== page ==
A Nearly Optimal Algorithm for the Geodesic Voronoi Diagram of Points in a Simple Polygon

Author Chih-Hung Liu

Thumbnail PDF


  • Filesize: 0.5 MB
  • 14 pages

Document Identifiers

Author Details

Chih-Hung Liu

Cite AsGet BibTex

Chih-Hung Liu. A Nearly Optimal Algorithm for the Geodesic Voronoi Diagram of Points in a Simple Polygon. In 34th International Symposium on Computational Geometry (SoCG 2018). Leibniz International Proceedings in Informatics (LIPIcs), Volume 99, pp. 58:1-58:14, Schloss Dagstuhl – Leibniz-Zentrum für Informatik (2018)


The geodesic Voronoi diagram of m point sites inside a simple polygon of n vertices is a subdivision of the polygon into m cells, one to each site, such that all points in a cell share the same nearest site under the geodesic distance. The best known lower bound for the construction time is Omega(n+m log m), and a matching upper bound is a long-standing open question. The state-of-the-art construction algorithms achieve O((n+m)log (n+m)) and O(n+m log m log^2n) time, which are optimal for m=Omega(n) and m=O(n/(log^3n)), respectively. In this paper, we give a construction algorithm with O(n+m(log m+log^2 n)) time, and it is nearly optimal in the sense that if a single Voronoi vertex can be computed in O(log n) time, then the construction time will become the optimal O(n+m log m). In other words, we reduce the problem of constructing the diagram in the optimal time to the problem of computing a single Voronoi vertex in O(log n) time.
  • Simple polygons
  • Voronoi diagrams
  • Geodesic distance


  • Access Statistics
  • Total Accesses (updated on a weekly basis)
    PDF Downloads


  1. Boris Aronov. On the geodesic Voronoi diagram of point sites in a simple polygon. Algorithmica, 4(1-4):109-140, 1989. Google Scholar
  2. Bernard Chazelle. Triangulating a simple polygon in linear time. Discrete & Computational Geometry, 6:485-524, 1991. Google Scholar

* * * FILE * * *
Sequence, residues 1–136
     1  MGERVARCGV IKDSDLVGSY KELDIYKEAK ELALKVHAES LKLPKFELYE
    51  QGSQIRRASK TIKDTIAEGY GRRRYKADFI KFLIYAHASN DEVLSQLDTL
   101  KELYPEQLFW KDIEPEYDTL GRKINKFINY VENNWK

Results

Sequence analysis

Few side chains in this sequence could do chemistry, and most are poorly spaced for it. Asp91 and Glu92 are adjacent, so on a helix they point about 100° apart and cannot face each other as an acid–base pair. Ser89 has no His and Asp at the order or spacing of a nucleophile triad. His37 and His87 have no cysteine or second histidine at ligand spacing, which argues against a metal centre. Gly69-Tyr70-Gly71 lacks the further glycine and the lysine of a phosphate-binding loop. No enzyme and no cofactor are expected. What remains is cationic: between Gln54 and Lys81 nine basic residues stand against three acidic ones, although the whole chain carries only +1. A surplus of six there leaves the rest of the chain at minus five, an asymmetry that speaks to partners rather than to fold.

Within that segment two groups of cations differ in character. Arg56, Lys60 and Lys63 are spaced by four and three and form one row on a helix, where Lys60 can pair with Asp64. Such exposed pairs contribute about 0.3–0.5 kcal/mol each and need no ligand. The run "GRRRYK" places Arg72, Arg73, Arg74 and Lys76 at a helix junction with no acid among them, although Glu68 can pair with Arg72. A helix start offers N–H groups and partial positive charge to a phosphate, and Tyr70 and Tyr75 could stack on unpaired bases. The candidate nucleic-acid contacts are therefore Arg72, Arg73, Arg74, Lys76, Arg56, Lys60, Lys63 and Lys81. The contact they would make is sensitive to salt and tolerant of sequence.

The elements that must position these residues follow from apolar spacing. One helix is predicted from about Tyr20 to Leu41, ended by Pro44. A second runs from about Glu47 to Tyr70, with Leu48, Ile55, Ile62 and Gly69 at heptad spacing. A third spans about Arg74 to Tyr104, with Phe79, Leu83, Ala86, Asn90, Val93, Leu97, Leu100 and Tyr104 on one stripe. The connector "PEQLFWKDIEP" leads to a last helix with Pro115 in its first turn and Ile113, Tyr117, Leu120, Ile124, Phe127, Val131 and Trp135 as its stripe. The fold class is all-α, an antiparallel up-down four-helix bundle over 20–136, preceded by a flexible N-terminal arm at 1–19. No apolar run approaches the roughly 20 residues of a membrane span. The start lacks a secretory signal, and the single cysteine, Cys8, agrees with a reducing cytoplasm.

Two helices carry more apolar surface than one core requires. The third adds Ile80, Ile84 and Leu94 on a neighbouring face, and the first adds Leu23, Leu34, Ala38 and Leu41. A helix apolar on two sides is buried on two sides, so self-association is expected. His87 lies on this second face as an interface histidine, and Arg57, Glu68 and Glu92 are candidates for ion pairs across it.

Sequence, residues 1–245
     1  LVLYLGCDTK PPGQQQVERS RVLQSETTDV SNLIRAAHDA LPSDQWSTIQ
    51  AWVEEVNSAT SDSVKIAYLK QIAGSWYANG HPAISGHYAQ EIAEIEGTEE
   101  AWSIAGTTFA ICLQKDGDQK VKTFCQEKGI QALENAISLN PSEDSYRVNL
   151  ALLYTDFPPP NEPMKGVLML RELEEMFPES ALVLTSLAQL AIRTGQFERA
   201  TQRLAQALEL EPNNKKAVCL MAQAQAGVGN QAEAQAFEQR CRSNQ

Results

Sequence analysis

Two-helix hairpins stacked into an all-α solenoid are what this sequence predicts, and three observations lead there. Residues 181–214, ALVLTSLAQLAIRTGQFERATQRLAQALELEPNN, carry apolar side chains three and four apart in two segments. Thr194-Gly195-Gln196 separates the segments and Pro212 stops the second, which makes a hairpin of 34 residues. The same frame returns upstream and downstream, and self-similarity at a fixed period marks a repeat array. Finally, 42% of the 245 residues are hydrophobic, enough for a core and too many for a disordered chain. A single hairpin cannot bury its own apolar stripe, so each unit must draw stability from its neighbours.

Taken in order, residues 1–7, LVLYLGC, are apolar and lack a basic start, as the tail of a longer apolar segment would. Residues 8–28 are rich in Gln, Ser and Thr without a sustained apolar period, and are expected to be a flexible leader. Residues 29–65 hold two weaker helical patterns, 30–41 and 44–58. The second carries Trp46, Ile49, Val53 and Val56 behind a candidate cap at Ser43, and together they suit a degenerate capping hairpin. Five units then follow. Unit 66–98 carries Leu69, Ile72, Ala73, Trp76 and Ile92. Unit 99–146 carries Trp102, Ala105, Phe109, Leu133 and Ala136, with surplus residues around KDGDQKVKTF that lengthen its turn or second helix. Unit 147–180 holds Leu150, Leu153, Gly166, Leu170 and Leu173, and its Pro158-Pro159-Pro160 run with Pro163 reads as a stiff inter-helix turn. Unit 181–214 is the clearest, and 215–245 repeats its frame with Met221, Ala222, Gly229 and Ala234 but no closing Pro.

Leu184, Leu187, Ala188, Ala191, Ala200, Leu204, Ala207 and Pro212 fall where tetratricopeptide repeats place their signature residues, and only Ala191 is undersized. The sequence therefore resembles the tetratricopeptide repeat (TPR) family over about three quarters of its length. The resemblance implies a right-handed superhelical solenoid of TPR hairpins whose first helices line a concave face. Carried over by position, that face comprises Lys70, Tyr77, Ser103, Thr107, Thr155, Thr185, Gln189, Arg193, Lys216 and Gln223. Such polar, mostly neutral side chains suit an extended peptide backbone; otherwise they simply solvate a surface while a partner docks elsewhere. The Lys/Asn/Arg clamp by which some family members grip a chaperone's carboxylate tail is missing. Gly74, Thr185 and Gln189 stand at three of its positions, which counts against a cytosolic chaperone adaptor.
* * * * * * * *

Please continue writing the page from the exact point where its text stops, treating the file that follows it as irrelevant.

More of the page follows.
3. Herbert Edelsbrunner, Leonidas J. Guibas, and Jorge Stolfi. Optimal point location in a monotone subdivision. SIAM Journal on Computing, 15(2):317-340, 1986. Google Scholar
  4. Leonidas J. Guibas and John Hershberger. Optimal shortest path queries in a simple polygon. Journal of Computer and System Sciences, 39(2):126-152, 1989. Google Scholar
  5. Leonidas J. Guibas, John Hershberger, Daniel Leven, Micha Sharir, and Robert E. Tarjan. Linear-time algorithms for visibility and shortest path problems inside triangulated simple polygons. Algorithmica, 2(1-4):209-233, 1987. Google Scholar
  6. John Hershberger. A new data structure for shortest path queries in a simple polygon. Information Processing Letters, 38(5):231-235, 1991. Google Scholar
  7. Kurt Mehlhorn and Peter Sanders. Sorted sequences. In Algorithms and Data Structures: The Basic Toolbox. Springer-Verlag Berlin Heidelberg, 2008. Google Scholar
  8. Joseph S. B. Mitchell. Geometric shortest paths and network optimization. In Handbook of Computational Geometry, pages 633-701. Elsevier, 2000. Google Scholar
  9. Eunjin Oh and Hee-Kap Ahn. Voronoi diagrams for a moderate-sized point-set in a simple polygon. In 33rd International Symposium on Computational Geometry, SoCG 2017, July 4-7, 2017, Brisbane, Australia, pages 52:1-52:15, 2017. Google Scholar
  10. Evanthia Papadopoulou and D. T. Lee. A new approach for the geodesic Voronoi diagram of points in a simple polygon and other restricted polygonal domains. Algorithmica, 20(4):319-352, 1998. Google Scholar
  11. Robert Endre Tarjan. Updating a balanced search tree in O(1) rotations. Information Processing Letters, 16(5):253-257, 1983. Google Scholar
  12. Robert Endre Tarjan. Efficient Top-Down Updating of Red-Black Trees. Technical report, Technical Report TR-006-85. Dapartment of Computer Science, Princeton University, 1985. Google Scholar
Questions / Remarks / Feedback

Feedback for Dagstuhl Publishing

Thanks for your feedback!

Feedback submitted

Could not send message

Please try again later or send an E-mail